In the Granite City of screenwriter Bragi F. Schut (Escape Room, Season of the Witch), the United States, and presumably the rest of the world, teeters on economic and political collapse, with a recession spiraling into a depression, steady gigs difficult, if not impossible, to obtain, and the city’s neighborhoods rocked by crime and violence. No one’s safe, not even 13-year-old Sam (Javon Walker), Joe’s neighbor.

When he’s not dodging bullies connected to a gang, he’s falling under the undue influence of Cyrus (Pilou Asbæk), a low-rent gang leader with an outsized ego and the conviction that he and only he can take on Nemesis’s mantle and along with that mantle, a hammer “forged in hate,” to orchestrate a Bane-like plan to plunge the city into chaos and become a wealthy power-broker in the process.

Schut’s woefully underwritten script takes a clumsy, haphazard approach to world-building, relying on a two-minute animated sequence to open Samaritan while a naive, worshipful Sam narrates Samaritan and Nemesis’s supposedly tragic, Cain and Abel-inspired backstory. Schut and director Julius Avery (Overlord) clumsily attempt to contrast Sam’s childish belief in messiah-like, superheroic saviors stepping in to save humanity from itself and its own worst excesses, but following that path leads to authoritarianism and fascism (ideas better, more thoroughly explored in Watchmen and The Boys).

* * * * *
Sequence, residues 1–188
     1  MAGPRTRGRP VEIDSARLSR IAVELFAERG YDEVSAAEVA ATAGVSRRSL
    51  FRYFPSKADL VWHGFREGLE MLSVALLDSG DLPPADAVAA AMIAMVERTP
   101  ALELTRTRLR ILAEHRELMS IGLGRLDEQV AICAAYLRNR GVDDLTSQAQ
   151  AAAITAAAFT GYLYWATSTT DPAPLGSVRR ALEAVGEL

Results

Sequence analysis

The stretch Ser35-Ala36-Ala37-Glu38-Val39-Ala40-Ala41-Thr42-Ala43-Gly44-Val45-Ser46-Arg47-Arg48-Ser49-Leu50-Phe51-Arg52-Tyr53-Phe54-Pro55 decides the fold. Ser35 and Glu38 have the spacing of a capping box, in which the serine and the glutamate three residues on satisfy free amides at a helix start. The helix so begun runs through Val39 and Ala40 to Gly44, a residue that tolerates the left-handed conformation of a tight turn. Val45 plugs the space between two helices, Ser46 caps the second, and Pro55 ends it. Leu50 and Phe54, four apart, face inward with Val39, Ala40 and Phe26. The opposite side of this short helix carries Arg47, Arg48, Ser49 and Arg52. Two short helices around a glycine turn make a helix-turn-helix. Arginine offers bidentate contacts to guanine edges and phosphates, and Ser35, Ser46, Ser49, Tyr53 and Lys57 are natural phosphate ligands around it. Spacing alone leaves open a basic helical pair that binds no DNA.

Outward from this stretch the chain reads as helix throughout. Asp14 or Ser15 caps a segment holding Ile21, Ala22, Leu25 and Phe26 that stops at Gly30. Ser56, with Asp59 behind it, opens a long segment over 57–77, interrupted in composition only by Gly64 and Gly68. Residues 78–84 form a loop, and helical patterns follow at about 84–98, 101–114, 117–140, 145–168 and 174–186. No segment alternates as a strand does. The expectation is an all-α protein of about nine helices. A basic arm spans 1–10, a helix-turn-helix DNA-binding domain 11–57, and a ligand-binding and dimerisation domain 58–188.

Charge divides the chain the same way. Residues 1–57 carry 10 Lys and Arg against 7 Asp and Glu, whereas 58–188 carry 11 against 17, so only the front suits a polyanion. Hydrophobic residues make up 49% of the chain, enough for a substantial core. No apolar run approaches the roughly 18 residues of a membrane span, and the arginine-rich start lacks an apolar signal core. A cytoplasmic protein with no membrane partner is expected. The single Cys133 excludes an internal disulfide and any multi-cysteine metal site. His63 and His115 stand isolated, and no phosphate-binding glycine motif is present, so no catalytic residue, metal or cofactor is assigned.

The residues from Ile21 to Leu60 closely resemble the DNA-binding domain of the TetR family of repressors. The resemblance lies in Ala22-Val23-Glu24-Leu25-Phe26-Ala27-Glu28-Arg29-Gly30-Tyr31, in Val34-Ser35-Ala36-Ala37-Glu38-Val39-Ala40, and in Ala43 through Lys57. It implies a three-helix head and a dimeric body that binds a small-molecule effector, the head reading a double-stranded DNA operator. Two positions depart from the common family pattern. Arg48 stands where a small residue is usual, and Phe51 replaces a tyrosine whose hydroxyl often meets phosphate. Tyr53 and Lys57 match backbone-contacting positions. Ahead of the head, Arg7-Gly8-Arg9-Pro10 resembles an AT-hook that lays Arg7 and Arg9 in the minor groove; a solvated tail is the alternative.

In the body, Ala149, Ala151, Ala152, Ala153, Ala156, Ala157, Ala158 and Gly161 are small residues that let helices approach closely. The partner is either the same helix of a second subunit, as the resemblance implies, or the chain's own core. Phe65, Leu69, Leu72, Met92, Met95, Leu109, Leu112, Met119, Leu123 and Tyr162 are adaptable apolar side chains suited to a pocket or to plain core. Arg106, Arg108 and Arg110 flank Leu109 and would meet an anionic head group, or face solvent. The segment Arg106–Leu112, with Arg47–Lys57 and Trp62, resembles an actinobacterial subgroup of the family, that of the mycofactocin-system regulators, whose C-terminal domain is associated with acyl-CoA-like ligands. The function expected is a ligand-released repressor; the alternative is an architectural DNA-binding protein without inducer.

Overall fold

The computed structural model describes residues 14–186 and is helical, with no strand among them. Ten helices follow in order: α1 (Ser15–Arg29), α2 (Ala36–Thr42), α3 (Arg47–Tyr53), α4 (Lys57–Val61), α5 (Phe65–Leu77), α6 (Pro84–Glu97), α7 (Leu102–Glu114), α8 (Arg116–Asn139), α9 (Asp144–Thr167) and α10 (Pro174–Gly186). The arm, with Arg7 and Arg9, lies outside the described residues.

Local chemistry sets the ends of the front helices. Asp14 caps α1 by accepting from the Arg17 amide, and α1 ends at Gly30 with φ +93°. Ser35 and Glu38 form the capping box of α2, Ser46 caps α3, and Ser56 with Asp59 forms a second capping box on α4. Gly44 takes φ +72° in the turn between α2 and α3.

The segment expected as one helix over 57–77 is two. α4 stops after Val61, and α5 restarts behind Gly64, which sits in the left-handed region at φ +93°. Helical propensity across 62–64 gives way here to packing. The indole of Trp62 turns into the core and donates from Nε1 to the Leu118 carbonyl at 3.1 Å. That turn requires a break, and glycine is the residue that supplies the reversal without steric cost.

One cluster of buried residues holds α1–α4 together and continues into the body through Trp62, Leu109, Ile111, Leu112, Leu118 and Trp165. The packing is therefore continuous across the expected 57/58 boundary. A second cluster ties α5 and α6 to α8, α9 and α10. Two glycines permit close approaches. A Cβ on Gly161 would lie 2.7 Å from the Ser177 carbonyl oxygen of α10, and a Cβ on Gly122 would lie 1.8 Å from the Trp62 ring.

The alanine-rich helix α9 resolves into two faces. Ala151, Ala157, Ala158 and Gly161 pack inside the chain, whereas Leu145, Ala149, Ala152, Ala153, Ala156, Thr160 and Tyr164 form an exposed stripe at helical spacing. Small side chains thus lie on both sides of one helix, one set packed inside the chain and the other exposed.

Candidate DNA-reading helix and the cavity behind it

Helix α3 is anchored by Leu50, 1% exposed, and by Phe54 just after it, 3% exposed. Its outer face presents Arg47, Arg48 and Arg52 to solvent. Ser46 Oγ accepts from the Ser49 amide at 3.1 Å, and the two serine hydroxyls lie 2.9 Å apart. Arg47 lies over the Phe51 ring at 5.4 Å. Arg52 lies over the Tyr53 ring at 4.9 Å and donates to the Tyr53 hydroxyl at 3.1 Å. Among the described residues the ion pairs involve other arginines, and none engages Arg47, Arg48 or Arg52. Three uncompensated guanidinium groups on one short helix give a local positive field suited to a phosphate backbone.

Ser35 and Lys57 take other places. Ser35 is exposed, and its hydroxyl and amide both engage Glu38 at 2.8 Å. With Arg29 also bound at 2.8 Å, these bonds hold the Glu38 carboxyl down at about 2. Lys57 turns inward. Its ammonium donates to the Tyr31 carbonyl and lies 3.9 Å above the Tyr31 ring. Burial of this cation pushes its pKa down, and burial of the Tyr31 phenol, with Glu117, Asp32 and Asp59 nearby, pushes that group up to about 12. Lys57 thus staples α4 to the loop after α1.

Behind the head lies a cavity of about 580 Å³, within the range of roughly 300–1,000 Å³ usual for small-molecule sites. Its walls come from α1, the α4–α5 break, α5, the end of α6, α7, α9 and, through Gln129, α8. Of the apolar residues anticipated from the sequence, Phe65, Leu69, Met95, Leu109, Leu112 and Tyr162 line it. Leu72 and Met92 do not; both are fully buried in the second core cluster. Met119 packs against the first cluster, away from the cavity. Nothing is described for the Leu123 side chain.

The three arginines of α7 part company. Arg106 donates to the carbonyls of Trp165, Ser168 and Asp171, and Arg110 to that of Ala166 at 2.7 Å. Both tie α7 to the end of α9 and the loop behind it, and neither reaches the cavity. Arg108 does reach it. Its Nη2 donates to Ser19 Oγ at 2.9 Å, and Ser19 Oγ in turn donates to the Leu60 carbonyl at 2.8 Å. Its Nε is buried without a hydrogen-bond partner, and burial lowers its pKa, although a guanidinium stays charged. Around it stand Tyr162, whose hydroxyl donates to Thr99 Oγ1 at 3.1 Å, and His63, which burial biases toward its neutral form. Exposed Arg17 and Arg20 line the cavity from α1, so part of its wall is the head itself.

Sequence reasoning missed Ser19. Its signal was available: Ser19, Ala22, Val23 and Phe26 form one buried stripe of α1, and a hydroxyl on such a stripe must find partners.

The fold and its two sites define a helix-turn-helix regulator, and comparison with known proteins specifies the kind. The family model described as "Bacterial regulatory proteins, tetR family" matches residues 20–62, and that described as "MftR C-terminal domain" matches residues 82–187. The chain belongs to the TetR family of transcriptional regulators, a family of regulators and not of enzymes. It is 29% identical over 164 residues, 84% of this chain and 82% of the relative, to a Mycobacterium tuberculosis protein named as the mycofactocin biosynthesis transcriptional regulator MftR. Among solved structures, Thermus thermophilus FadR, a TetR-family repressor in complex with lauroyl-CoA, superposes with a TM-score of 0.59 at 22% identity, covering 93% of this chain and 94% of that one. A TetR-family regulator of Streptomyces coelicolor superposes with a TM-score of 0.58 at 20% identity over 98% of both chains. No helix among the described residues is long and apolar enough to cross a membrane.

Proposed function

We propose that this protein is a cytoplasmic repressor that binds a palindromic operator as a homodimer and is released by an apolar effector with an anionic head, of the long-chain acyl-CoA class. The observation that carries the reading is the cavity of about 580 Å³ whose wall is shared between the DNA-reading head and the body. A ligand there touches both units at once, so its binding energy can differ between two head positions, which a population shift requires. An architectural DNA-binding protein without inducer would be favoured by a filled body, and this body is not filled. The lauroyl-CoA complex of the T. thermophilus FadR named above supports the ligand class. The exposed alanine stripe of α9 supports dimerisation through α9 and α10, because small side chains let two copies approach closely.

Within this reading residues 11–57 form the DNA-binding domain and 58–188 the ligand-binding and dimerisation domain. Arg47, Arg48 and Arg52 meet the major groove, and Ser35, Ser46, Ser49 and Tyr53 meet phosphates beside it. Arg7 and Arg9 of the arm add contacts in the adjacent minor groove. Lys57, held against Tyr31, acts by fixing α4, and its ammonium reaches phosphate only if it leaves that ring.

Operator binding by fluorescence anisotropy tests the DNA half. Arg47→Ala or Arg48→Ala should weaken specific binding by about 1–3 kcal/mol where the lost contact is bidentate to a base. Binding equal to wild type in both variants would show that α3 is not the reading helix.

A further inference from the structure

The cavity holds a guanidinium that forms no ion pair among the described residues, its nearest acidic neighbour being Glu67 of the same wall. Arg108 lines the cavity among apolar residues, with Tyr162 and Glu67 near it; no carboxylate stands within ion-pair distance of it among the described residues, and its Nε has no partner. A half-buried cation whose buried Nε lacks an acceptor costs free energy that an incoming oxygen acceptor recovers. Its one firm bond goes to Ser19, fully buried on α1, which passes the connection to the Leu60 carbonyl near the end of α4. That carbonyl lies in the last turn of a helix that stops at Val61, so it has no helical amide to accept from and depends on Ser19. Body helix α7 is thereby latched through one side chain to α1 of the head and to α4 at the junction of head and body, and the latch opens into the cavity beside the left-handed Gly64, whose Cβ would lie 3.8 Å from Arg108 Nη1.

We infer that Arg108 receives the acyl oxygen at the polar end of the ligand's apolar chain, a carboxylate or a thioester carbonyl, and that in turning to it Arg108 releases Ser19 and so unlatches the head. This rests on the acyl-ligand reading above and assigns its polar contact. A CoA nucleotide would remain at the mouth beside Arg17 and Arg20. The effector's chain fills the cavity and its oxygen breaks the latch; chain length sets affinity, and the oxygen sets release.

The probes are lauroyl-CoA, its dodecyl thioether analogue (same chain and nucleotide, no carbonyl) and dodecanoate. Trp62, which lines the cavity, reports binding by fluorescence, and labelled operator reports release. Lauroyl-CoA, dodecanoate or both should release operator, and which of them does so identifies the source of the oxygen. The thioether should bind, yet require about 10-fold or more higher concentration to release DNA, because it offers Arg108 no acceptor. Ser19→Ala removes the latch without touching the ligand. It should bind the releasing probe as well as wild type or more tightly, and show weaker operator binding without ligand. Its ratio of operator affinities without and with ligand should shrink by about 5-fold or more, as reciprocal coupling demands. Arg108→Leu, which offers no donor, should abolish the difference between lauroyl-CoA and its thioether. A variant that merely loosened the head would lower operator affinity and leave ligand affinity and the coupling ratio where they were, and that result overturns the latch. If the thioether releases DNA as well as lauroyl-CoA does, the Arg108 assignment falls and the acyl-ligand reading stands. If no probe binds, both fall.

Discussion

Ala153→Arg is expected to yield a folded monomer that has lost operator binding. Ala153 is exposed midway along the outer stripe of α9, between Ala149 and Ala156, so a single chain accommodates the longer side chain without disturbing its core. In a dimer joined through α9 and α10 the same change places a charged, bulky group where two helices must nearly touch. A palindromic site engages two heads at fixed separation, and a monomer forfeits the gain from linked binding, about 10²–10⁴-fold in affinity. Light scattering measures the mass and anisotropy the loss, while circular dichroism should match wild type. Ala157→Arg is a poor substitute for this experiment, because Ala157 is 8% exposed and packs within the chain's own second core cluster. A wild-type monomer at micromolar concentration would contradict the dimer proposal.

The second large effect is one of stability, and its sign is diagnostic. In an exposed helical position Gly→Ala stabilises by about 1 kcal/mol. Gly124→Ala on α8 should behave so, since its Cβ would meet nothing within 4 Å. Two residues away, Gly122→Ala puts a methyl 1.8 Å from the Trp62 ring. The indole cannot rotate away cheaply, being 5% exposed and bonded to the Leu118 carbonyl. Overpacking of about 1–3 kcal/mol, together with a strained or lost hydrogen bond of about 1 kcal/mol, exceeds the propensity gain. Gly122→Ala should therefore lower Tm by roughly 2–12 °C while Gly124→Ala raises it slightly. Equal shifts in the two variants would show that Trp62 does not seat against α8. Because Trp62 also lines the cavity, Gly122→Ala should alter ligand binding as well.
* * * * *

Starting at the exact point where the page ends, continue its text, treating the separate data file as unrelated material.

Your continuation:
While Sam continues to think otherwise, Stallone’s superhero, 25 years past his last, fatal encounter with his presumably deceased brother, obviously believes superheroes are the problem and not the solution (a somewhat reasonable position), but as Samaritan tracks Joe and Sam’s friendship, Sam giving Joe the son he never had, Joe giving Sam the father he lost to street violence well before the film’s opening scene, it gets closer and closer to embracing, if not outright endorsing Sam’s power fantasies, right through a literally and figuratively explosive ending. Might, as always, wins regardless of how righteous or justified the underlying action.

It’s what superhero audiences want, apparently, and what Samaritan uncritically delivers via a woefully under-rendered finale involving not just unconvincing CGI fire effects, but a videogame cut-scene quality Stallone in a late-film flashback sequence that’s meant to be subversively revelatory, but will instead lead to unintentional laughter for anyone who’s managed to sit the entirety of Samaritan’s one-hour and 40-minute running time.

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Samaritan is now streaming worldwide on Prime Video.

Samaritan

Cast
  • Sylvester Stallone
  • Javon ‘Wanna’ Walton